Data from the Quality Assurance Agency for Higher Education (QAA) show that essay mill services have increased in the UK from 635 in June 2018 to at least 932 sites as of present Glenn Carstens-Peters / Unsplash

Earlier this month (10/02), former universities minister, Chris Skidmore, submitted a private bill to ban the operation and advertisement of ‘essay mill’ services in the UK. ‘Essay mills’ are businesses that produce original pieces of writing for students who pay for these services.

Skidmore cited data from the Quality Assurance Agency for Higher Education (QAA), showing that essay mill services have increased in the UK from 635 in June 2018 to at least 932 sites as of present. He warned that, with the shift to remote learning, students are “increasingly becoming prey to essay mills”, being “away from on-campus welfare and support”.

The University of Cambridge defines contract cheating as a form of academic misconduct, outlined under the ’Rules of Behaviour for Registered Students and Formerly Registered Students’ within the University’s constitutional framework. The University states that students are responsible for upholding academic integrity and being familiar with these conventions, stressing that “not knowing or forgetting about the rules or their consequences is not a justification for not following them”.

The University has employed specialised software, such as Turnitin UK, to detect plagiarism in submitted work. Work suspected of plagiarism will be investigated, and students found guilty of academic misconduct may fail their examinations or face suspension.

Dr Robert Hunt, Senior Tutor at Christ’s and Dr Philip Johnston, Senior Tutor at Hughes Hall, told Varsity that instances of students cheating via essay mills had not surfaced at their colleges, and that a rise in cheating had not been observed with the shift to remote learning.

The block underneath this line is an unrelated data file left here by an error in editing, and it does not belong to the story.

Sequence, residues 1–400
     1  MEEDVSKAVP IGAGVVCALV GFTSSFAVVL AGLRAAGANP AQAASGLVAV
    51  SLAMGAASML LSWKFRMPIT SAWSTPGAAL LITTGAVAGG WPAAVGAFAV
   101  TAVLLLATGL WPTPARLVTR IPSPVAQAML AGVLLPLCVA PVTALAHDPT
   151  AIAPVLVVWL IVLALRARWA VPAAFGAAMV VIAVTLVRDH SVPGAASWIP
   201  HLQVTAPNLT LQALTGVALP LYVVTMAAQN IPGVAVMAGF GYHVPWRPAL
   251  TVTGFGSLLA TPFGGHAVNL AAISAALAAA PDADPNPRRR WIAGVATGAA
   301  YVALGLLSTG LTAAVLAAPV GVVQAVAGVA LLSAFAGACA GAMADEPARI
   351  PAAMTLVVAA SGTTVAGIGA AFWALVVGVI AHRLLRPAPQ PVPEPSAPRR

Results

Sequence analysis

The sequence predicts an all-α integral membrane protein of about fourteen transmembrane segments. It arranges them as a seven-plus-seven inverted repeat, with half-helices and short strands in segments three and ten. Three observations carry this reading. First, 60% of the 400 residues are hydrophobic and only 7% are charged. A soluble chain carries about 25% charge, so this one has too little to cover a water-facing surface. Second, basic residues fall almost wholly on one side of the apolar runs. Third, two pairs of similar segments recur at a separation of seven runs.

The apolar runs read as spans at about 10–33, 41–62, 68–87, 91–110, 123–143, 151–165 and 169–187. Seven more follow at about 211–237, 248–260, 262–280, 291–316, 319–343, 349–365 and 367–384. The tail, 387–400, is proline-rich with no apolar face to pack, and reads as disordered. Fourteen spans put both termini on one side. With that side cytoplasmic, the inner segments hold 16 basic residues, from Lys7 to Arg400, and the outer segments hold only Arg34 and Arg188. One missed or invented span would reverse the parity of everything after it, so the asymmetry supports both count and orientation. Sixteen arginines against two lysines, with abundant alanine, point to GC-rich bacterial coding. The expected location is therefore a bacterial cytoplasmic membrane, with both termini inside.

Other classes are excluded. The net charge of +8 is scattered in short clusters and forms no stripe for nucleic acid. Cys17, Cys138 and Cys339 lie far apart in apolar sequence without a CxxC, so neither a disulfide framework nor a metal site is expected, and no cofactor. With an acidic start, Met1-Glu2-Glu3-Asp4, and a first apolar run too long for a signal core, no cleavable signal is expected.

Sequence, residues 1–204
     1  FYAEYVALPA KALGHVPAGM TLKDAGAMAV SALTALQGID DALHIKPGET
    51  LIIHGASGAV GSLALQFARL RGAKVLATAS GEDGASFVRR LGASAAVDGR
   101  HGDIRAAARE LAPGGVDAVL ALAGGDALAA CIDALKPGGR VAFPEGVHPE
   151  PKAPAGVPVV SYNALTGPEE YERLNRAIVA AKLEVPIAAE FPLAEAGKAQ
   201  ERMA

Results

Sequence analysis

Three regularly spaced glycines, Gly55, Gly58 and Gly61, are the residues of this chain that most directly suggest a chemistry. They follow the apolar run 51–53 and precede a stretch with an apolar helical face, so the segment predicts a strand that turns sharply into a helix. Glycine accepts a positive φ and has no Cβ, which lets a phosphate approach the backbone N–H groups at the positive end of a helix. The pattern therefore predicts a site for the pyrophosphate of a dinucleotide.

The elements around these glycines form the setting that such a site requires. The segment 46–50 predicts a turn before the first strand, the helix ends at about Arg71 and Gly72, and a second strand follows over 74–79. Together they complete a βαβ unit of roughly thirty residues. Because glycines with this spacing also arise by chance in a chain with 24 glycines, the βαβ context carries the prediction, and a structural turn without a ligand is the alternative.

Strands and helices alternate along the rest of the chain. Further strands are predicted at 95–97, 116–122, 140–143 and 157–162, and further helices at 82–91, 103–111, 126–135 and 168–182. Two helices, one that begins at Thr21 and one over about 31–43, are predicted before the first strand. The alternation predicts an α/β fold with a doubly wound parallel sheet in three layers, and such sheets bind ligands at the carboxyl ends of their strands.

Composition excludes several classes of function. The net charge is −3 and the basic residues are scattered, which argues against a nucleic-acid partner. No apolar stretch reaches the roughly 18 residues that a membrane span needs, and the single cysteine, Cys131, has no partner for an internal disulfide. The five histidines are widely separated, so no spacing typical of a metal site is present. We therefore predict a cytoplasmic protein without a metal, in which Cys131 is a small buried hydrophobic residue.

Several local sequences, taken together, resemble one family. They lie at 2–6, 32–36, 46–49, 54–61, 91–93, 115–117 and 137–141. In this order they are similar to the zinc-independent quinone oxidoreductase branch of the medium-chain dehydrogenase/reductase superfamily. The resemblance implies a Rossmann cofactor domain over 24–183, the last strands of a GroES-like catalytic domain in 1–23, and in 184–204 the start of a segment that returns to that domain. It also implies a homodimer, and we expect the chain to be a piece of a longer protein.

Dr Richard Partington, Senior Tutor of Churchill College, commented that instances of plagiarism are “still relatively rare, and mostly a consequence of naivety rather than deliberate cheating”.

Dr James Norris, Head of the Department of Pure Mathematics and Mathematical Statistics, told Varsity: “[The Department] is very aware, as are (our) students, of the potential to gain an advantage by unfair means in a Maths exam”. Hence, there have been consistent “efforts to make exams as secure as possible from cheating”.

The concern over the increased use of essay mill services is related to the broader issue of providing academic support with remote learning. Johnston raised “isolation, internet connectivity and time-zone issues” as some of the challenges students face.

The shift to remote learning has also placed pressure on academic staff. Hunt told Varsity: “The main challenge in providing academic support to students at the moment is that many academic staff are themselves overwhelmed by the situation. They are, however, managing to do so.”

Partington also mentioned the increased difficulty in identifying students who are struggling compared to if they were physically present on campus. Additionally, “despite the highly laudable effort of the collegiate University’s libraries to make as much material as possible available online”, there still might be “asymmetric access to learning materials”.

On a positive note, Partington expressed that classes and seminars delivered via online platforms such as Zoom may be more effective in promoting student participation, observing that “students seem to have been more willing to engage and ask questions”.

There have been previous attempts at banning essay mill services in the UK. In 2018, The Russell Group, alongside 45 Vice-Chancellors and leaders in institutions wrote to the Secretary of State for Education to express concern over the increasing use of essay mills in contract cheating.

The letter stated that “essay mills undermine the integrity of the UK Higher Education and are unfair to the vast majority of honest, hard-working students”, calling for regulation of these services. In 2019, Lord Storey, Liberal Democrat education spokesman, submitted a private bill to ban essay mill services. In the same year, QAA also published a paper arguing for, and proposing legislative structures that can be adopted to ban essay mills.


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In a statement to Times Higher Education, Skidmore stressed that it is more crucial than ever to ban essay mills.